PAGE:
Putting it together

This section shows the debian packaging generated by jh_makepkg for an application and a library using jh_build.

Sample Library Packaging

debian/control
Source: jsch
Section: libs
Priority: optional
Maintainer: Matthew Johnson <mjj29@debian.org>
Build-Depends: debhelper (>= 5), javahelper, default-jdk, libzlib-java
Standards-Version: 3.7.3
Homepage: http://www.jcraft.com/jsch/

Package: libjsch-java
Architecture: all
Depends: ${java:Depends}, ${misc:Depends}
Description: Java secure channel
 JSch is a pure Java implementation of SSH2. JSch allows you to
 connect to an sshd server and use port forwarding, X11 forwarding,
 file transfer, etc., and you can integrate its functionality
 into your own Java programs. JSch is licensed under a BSD style
 license.
   
debian/rules
#!/usr/bin/make -f

export JAVA_HOME=/usr/lib/jvm/default-java
export CLASSPATH=/usr/share/java/zlib.jar

build: build-stamp
build-stamp:
	dh_testdir
	jh_build jsch.jar src
	touch $@

clean:
	dh_testdir
	dh_testroot
	jh_build --clean
	dh_clean
	rm -f build-stamp jsch.jar

install: build
	dh_testdir
	dh_testroot
	dh_prep
	dh_installdirs

binary-arch: build install
	# Java packages are arch: all, nothing to do here

binary-indep: build install
	# Create the package here
	dh_testdir
	dh_testroot
	dh_prep
	dh_install -i
	jh_installjavadoc -i
	dh_installdocs -i
	dh_installchangelogs -i
	jh_installlibs -i
	jh_depends -i
	dh_compress -i
	dh_fixperms -i
	dh_installdeb -i
	dh_gencontrol -i
	dh_md5sums -i
	dh_builddeb -i

binary: binary-indep binary-arch
.PHONY: build clean binary-indep binary-arch binary install
   
debian/libjsch-java.jlibs
jsch.jar
   
debian/libjsch-java.javadoc
internal
   

Sample Application Packaging

debian/control
Source: salliere
Section: misc
Priority: optional
Maintainer: Matthew Johnson <mjj29@debian.org>
Build-Depends: debhelper (>= 5), default-jdk,
               libmatthew-debug-java, libcsv-java,
               libitext-java, javahelper
Standards-Version: 3.7.3

Package: salliere
Architecture: all
Depends: ${java:Depends}, ${misc:Depends}
Description: Short Description
 Long Description
   
debian/rules
#!/usr/bin/make -f
export JAVA_HOME=/usr/lib/jvm/default-java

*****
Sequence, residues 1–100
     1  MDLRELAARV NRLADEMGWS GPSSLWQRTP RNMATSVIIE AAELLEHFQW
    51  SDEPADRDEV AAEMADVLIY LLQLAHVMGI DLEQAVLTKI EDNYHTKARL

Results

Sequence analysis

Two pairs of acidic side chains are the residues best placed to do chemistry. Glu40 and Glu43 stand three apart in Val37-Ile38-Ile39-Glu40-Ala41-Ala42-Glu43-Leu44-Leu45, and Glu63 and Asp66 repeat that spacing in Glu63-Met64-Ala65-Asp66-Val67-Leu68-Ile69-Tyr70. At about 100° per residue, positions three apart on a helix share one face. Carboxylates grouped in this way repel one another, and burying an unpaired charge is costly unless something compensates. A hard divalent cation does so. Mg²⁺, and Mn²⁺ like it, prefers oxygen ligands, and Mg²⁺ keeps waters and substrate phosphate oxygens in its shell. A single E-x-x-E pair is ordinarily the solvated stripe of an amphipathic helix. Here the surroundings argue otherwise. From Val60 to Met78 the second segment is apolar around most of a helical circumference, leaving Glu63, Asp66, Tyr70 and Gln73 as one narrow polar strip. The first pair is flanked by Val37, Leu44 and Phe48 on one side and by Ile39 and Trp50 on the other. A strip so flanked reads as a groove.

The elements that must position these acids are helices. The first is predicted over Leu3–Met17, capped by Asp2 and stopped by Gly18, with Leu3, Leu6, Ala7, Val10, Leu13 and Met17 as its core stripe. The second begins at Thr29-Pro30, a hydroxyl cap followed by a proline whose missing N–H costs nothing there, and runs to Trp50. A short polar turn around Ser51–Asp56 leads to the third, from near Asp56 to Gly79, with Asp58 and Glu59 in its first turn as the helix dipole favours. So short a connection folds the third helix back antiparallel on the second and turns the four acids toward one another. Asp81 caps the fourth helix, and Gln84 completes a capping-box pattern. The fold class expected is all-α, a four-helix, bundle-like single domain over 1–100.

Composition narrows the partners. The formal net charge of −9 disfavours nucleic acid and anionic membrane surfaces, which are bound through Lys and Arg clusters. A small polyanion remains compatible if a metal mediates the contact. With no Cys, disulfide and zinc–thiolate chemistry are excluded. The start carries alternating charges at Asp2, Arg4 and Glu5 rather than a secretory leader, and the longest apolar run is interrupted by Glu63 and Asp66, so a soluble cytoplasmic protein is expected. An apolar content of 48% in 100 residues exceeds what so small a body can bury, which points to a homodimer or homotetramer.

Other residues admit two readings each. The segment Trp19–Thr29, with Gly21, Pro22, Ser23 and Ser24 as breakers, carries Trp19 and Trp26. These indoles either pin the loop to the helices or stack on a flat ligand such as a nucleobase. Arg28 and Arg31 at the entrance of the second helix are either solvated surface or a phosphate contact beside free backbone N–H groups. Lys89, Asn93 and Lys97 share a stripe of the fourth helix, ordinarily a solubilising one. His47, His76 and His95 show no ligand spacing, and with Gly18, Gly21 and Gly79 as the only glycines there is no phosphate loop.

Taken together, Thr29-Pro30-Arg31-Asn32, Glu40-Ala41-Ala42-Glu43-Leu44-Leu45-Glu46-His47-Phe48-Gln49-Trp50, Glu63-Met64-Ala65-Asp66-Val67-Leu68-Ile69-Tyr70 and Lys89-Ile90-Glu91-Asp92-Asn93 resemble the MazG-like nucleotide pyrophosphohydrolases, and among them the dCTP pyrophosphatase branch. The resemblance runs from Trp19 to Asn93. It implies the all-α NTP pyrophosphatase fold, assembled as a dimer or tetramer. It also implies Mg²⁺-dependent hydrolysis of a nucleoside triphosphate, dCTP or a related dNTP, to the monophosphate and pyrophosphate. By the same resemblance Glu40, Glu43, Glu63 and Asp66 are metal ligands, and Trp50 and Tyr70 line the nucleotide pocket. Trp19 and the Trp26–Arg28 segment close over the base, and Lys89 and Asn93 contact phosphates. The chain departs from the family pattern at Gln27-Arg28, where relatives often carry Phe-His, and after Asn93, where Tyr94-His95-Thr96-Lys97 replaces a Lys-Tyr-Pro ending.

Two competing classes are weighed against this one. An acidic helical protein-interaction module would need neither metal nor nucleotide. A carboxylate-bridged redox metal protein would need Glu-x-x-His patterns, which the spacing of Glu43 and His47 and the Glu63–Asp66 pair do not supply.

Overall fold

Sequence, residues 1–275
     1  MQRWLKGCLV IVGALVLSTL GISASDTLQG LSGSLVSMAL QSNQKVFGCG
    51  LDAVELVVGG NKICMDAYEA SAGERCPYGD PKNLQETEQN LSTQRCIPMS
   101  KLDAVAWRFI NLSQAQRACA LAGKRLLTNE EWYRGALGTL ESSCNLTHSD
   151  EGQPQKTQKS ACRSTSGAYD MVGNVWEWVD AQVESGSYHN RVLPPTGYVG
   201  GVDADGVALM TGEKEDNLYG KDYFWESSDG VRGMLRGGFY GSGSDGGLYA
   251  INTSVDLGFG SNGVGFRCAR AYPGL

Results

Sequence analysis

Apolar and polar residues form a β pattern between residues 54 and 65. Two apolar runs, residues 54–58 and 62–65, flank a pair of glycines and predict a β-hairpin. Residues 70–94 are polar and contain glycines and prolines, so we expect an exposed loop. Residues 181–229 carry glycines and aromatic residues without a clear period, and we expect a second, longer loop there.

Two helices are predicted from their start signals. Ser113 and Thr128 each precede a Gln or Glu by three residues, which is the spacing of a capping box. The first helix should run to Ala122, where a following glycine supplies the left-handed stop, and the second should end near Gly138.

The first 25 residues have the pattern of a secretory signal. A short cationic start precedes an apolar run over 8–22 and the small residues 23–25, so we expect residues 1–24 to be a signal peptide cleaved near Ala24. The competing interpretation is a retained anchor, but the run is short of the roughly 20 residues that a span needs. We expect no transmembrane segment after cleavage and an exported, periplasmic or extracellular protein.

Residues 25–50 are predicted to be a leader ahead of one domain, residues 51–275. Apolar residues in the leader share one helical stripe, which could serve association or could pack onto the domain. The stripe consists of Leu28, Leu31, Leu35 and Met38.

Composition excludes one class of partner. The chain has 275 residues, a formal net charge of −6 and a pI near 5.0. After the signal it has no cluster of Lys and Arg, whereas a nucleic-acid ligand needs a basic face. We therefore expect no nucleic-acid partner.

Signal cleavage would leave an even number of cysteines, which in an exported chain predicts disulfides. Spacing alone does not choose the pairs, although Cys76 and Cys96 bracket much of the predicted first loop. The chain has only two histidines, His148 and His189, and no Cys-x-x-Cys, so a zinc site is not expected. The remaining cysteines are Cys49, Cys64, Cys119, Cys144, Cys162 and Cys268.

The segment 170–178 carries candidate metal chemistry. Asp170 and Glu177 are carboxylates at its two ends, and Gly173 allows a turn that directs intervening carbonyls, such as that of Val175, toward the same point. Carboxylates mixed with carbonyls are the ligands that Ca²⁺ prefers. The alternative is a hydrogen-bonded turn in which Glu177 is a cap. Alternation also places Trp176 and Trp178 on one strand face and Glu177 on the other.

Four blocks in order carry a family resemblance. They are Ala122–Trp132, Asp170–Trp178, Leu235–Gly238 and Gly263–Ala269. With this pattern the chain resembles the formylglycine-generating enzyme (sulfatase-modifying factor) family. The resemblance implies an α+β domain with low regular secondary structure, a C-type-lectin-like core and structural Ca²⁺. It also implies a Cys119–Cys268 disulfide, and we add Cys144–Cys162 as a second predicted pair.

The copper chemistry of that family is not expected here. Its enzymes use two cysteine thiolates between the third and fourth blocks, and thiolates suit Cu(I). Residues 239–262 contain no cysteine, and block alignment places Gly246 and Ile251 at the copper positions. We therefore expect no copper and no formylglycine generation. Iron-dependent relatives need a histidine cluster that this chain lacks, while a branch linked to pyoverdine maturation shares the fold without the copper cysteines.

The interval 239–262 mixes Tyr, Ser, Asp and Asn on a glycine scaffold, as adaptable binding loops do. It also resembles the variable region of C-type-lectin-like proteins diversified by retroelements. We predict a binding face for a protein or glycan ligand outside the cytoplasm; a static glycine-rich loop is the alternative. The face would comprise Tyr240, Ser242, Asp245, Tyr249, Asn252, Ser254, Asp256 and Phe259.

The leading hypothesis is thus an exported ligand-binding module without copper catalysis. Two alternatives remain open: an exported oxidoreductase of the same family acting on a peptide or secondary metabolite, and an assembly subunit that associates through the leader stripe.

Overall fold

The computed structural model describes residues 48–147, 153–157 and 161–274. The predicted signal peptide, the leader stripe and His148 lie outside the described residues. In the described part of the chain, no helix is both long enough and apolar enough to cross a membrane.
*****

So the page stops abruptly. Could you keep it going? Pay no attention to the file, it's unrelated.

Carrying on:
export CLASSPATH=/usr/share/java/csv.jar:/usr/share/java/debug-disable.jar:/usr/share/java/itext.jar

build: build-stamp
build-stamp:
   dh_testdir
   # Build the package
   jh_build salliere.jar src
   touch $@

clean:
   dh_testdir
   dh_testroot
   jh_build --clean
   dh_clean
   rm -f build-stamp salliere.jar

install: build
   dh_testdir
   dh_testroot
   dh_prep
   dh_installdirs

binary-arch: build install
   # Java packages are arch: all, nothing to do here

binary-indep: build install
   # Create the package here
   dh_testdir
   dh_testroot
   dh_prep
   dh_install -i
   dh_installdocs -i
   dh_installchangelogs -i
   jh_manifest -i
   dh_link -i
   jh_exec -i
   jh_depends -i
   dh_compress -i
   dh_fixperms -i
   dh_installdeb -i
   dh_gencontrol -i
   dh_md5sums -i
   dh_builddeb -i

binary: binary-indep binary-arch
.PHONY: build clean binary-indep binary-arch binary install
   
debian/salliere.install
salliere.jar usr/share/salliere
   
debian/salliere.links
usr/share/salliere/salliere.jar usr/bin
   

Using javahelper with CDBS

Javahelper 0.18 introduces a CDBS class for javahelper. It runs all the jh_ commands after dh_install* and dh_link and has options for running jh_build under the build target.

The jh_ commands are invoked once per package. You can pass options to all the invocations using the JH_EXEC_ARGS, JH_INSTALLLIBS_ARGS, JH_MANIFEST_ARGS and JH_DEPENDS_ARGS variables.

To invoke jh_build you must set JH_BUILD_JAR and JH_BUILD_SOURCE and JAVA_HOME. Optionally you can also set CLASSPATH and JH_BUILD_ARGS.

Please note: you must include javahelper.mk before ant.mk.

The above debian/rules can be rewritten with CDBS as follows:

#!/usr/bin/make -f
export JAVA_HOME=/usr/lib/jvm/default-java
export CLASSPATH=/usr/share/java/csv.jar:/usr/share/java/debug-disable.jar:/usr/share/java/itext.jar
JH_BUILD_JAR=salliere.jar
JH_BUILD_SRC=src

include /usr/share/cdbs/1/class/javahelper.mk

Using javahelper with dh

Javahelper 0.20 introduces a dh extension for javahelper. It runs all the jh_ commands after dh_install* and dh_link and also runs jh_build if you have a debian/javabuild file.

The above debian/rules can be rewritten with dh 7 as follows:

debian/javabuild
salliere.jar src
debian/rules
#!/usr/bin/make -f

export JAVA_HOME=/usr/lib/jvm/default-java
export CLASSPATH=/usr/share/java/csv.jar:/usr/share/java/debug-disable.jar:/usr/share/java/itext.jar

%:
	dh $@ --with javahelper